It was 1995 and I was 14 years old.

Wearing my bright orange kurta from India, I approached the stage of my Regina elementary school talent show, after two classmates had just finished their air band performance of the Alanis Morissette classic "Too Hot" to the rapturous applause of our classmates.

Unlike this popular song, I performed a bhajan (song) while playing my harmonium, an Indian instrument.

I was one of only five children of colour in my school and, that day, I loudly and proudly sang my heart out in Sanskrit and my classmates cheered me on.

This was not the first time, where dressed in my traditional finest, I sang, celebrated, or spoke about my culture, religion, language, traditions, or ancestry. At school. At community events. At Mosaic. At multi-faith forums. At marches.  

In many ways, proudly wearing, displaying, and explaining my culture became a way for me to not only celebrate its distinct beauty but to show others the many ways in which we are all connected.  

And it was not just limited to my culture. I have spoken about my disability. I have shared my personal story to raise awareness on racism, discrimination, and homophobia.

I am not alone.

Throughout the years, I continue to see vestiges of this approach threaded through conversations on diversity and inclusion: the notion that through highlighting and sharing our traditions, stories, struggles, and heartache, members of marginalized communities can dispel stereotypes, engender deep connection, and inspire meaningful change.

While critically important to encouraging dialogue and mutual respect, in my view, this approach — one of building awareness of the diversity in our country and the issues affecting specific groups — is only the first step.

This first step undeniably places the burden on already marginalized communities to use our voices, experiences, history, culture and often vulnerably, our pain, challenges and anguish, to engender this awareness.

And let's be real: It is exhausting.

I have told my story and shared myself so many times. I need more. We need more. We need to move beyond the awareness of inclusion to actual action. In the workplace. On television. In leadership.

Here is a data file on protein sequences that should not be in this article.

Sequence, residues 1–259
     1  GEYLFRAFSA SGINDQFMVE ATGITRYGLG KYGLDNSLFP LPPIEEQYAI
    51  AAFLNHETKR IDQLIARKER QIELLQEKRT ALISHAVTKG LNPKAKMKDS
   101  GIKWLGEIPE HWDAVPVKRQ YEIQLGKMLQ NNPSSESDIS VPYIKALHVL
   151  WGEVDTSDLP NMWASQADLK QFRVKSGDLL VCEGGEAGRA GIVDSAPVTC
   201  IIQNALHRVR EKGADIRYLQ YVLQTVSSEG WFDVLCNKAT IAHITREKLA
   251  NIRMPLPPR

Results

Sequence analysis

Our population tells the story of a diverse country.

According to Statistics Canada, 20 per cent of Canadians were born elsewhere and immigrated to Canada.

By 2036, nearly half of the population will be immigrants or children of immigrants.

Persons with disabilities account for 13.7 per cent of the adult population. Five percent of Canadians identify as LGBT and this number is growing as more people self-identify.

Women account for 50.4 per cent of the population and the Indigenous population grew 20 per cent between the 2006 and 2011 censuses.

However, despite these figures and their growth, we have not seen corresponding increases in the representation of these groups in employment, education, film/television, and leadership. In fact, while our demographics tell a story of diversity, our institutions continue to fall woefully behind in reflecting this reality.

'We need to move beyond the awareness of inclusion to actual action.'

We must be vigilant to ensure that our attempts at building awareness of diversity are not just for disconnected consumption and isolated enjoyment. Applause and words of appreciation are not enough.

We can no longer put our differences on display or share the most profoundly vulnerable parts of ourselves only to feel excluded from the discussions and decisions that affect our country and us. It simply hurts too much.

Do something more

The clarion call to action is to do something more through better hiring practices, substantive equal access to education, diverse promotion to leadership, and inclusion in media.

So, as we move towards the many Canada 150 celebrations, which attempt to highlight the communities, experiences, and histories that make our country, let us not forget that inclusion is not limited to an event, a hashtag, or a speech.

Inclusion must be alive and electric and through tangible action, made visible and viscerally real every single day in the big and small decisions that affect our country.

This would be the ultimate celebration.